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Necropsy reveals Snooty drowned, officials say

Museum officials announce Snooty the manatee drowned

South Florida Museum officials discuss the results of Snooty's death, but remain perplexed on how it happened.
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South Florida Museum officials discuss the results of Snooty's death, but remain perplexed on how it happened.

Snooty drowned, South Florida Museum officials said Monday -- a horrifying conclusion, based on a necropsy, to a series of discoveries that started a day earlier before someone at the museum called 911.

In a 911 call made from the museum at 9:35 a.m. Sunday, the caller began with, “We have a problem.”

The caller asked 911 for the Bradenton Fire Department, saying, “We have an issue in our tank, which Snooty the manatee is (in). ... We’re draining our tank right now. I want a fire engine to show up. We have a stuck manatee kind of situation or something where I need someone to help extract the manatee.”

According to Jeff Rodgers, museum chief operating officer, Snooty somehow gained access to the life support maintenance tube, a feat that has left staff bewildered considering the entrance is 30 by 30 inches and Snooty was 89 inches in girth. Rodgers said the panel on the tube was last opened five years ago and is for emergency use only.

A necropsy found that Snooty drowned, Rodgers said.

While the U.S. Department of Agriculture is the regulatory agency that inspects facilities with captured wildlife, the USDA is not involved in what museum officials say is a “review process.” USDA did inspect the aquarium last month and there were no citations issued.

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Snooty the manatee in his tank on Friday, the day of his 69th birthday. Tiffany Tompkins ttompkins@bradenton.com

Museum CEO Brynne Anne Besio said everything is being done to determine the details of how Snooty gained access to the tube, but she could not estimate when those results would be released. Rodgers said the latch coming open remains a mystery and “something happened,” but she could not elaborate at this time. Rodgers said divers inspect the tank, built in 1993, and the latches on a daily basis, and, “There were no issues with that panel whatsoever.”

Rodgers said museum staff members are grateful for the outpouring of community love and support.

“No one wants to understand what happened here more than we do,” Rodgers said.

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Members of the museum staff and board hold a press conference at the South Florida Museum for the latest details on the death of Snooty the manatee. Tiffany Tompkins ttompkins@bradenton.com

Divers returned to the tank Monday to ensure the safety of the three manatees currently undergoing rehabilitation.

“We have a 68-year history of caring for manatees, 33 in the past 19 years and we’ve had no major issues, or injuries of any kind,” Rodgers said.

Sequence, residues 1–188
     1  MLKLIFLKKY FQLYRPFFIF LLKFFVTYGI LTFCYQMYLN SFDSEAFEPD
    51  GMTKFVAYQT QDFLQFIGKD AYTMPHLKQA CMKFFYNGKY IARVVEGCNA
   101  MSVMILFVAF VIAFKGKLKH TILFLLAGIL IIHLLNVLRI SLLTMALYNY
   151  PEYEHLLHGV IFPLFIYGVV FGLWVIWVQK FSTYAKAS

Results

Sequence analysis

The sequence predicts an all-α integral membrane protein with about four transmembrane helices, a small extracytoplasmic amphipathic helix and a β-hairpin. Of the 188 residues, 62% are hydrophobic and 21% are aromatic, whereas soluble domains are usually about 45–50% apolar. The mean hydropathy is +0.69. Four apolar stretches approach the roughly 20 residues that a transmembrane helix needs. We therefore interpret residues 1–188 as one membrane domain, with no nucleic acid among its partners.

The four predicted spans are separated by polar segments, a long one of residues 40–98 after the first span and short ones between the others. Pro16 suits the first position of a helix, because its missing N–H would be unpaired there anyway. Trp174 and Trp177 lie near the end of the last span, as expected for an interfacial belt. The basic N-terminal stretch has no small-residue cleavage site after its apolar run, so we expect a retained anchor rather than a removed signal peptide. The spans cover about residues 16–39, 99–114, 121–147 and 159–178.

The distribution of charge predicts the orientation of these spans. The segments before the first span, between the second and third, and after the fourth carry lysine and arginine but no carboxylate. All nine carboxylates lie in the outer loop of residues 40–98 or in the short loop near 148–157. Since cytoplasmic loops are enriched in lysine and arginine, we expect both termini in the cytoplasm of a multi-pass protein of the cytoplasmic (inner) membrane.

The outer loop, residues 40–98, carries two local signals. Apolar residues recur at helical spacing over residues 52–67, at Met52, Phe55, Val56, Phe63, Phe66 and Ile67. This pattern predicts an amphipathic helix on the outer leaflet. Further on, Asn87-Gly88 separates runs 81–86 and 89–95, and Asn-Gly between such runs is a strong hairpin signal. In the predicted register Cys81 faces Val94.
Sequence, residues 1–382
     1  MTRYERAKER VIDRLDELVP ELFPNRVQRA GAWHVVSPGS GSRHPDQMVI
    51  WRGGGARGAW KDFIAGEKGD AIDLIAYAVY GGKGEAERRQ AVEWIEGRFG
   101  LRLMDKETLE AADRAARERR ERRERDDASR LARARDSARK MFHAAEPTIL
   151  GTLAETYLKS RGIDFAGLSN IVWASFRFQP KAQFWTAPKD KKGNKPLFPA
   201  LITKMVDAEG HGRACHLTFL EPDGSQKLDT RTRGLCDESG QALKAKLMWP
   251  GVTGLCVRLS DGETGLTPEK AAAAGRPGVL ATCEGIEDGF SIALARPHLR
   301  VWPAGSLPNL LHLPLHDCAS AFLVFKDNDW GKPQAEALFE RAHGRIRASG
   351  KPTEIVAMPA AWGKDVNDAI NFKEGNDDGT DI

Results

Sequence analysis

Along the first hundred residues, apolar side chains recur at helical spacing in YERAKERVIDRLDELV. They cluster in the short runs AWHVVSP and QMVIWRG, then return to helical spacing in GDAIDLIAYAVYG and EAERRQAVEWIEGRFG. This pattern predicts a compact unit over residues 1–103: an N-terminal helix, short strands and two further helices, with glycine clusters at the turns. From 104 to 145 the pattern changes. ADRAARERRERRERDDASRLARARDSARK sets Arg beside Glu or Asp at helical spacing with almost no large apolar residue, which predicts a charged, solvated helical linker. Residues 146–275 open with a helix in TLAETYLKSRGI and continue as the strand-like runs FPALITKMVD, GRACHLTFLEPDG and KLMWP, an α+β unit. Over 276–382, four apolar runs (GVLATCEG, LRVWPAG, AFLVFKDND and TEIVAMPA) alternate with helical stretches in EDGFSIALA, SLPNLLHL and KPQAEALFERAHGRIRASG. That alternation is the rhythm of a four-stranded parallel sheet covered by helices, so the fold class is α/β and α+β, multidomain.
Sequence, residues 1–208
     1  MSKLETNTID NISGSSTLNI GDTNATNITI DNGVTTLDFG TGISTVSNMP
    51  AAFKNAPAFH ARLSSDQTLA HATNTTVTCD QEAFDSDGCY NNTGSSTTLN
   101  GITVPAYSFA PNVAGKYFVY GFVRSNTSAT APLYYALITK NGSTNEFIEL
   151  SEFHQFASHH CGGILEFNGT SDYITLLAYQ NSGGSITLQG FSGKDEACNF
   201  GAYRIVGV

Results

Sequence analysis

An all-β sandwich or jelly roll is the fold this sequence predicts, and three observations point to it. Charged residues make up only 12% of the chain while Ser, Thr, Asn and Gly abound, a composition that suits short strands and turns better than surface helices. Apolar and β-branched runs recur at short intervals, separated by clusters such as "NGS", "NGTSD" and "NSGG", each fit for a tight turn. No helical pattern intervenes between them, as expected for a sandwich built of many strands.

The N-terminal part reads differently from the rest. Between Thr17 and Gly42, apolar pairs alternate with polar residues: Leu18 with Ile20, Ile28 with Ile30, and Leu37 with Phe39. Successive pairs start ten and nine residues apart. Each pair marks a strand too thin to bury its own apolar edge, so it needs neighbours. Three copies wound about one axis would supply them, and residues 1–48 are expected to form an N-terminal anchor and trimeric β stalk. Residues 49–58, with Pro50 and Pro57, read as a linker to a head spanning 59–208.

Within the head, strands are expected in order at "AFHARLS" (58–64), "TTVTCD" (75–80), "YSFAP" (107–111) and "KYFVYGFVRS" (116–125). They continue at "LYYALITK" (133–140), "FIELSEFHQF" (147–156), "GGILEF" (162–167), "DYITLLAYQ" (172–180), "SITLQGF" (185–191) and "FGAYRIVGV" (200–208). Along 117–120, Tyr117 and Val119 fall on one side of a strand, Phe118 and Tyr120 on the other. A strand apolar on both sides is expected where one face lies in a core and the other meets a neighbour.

The museum will open for regular business Tuesday and Rodgers said a memorial service is being planned in the coming days. Besio said Snooty’s annual birthday bash also will continue to honor Snooty’s legacy and all he has done to help understand and rehabilitate his fellow manatees.

Rodgers also said no decisions have yet been made on what will happen to the remains of Snooty, and officials will work diligently on creating a memorial to Snooty on museum grounds. Besio said she very much wants public input as that process moves forward.

In a press release issued later Monday, Rodgers stated that the panel Snooty accessed was located just under the 4-foot ledge where Snooty was often hand fed. Somehow, Snooty, who weighed about 1,300 pounds, was able to swim through the access but was unable turn around to swim out.

“Snooty was just too large for that to happen,” the release states.

Besio went on to say, “We are heartsick about Snooty’s death and want his legacy to continue through our manatee rehabilitation program and through all of our education and outreach programs.”

The following is the transcript from the 911 call from the South Florida Museum Sunday morning at 9:35 a.m.

CALLER: We have a problem. We have manatees over here, we need the fire department to come and tell us what to do.

911: As far as… what in the museum?

CALLER: We have a tank issue with our tank…. Where we maintain manatees and I’m going to need some help.

911: Sure let me give you the Bradenton Fire Department, hold on one moment

Caller: OK

(Transfer to Bradenton Fire)

911 Operator: Bradenton 911 what is the address of your emergency?

911: Hey, I’ve got South Florida Museum on the phone, 201 10th Street West, they’re going need some assistance from the fire department.

911 Operator: Ok. Hello Caller?

CALLER: Yes, my name’s (inaudible).

911 Operator: OK and what was your name

CALLER: Jack

911 Operator: OK Jack, what’s going on there?

CALLER: We have an issue in our tank which Snooty the manatee is (in). We’re draining our tank right now. I want a fire engine to show up. We have a stuck manatee kind of situation or something where I need someone to help us extract the manatee.

911: Okay gotcha, all right, we’ll get our fire department over there as quick as possible.

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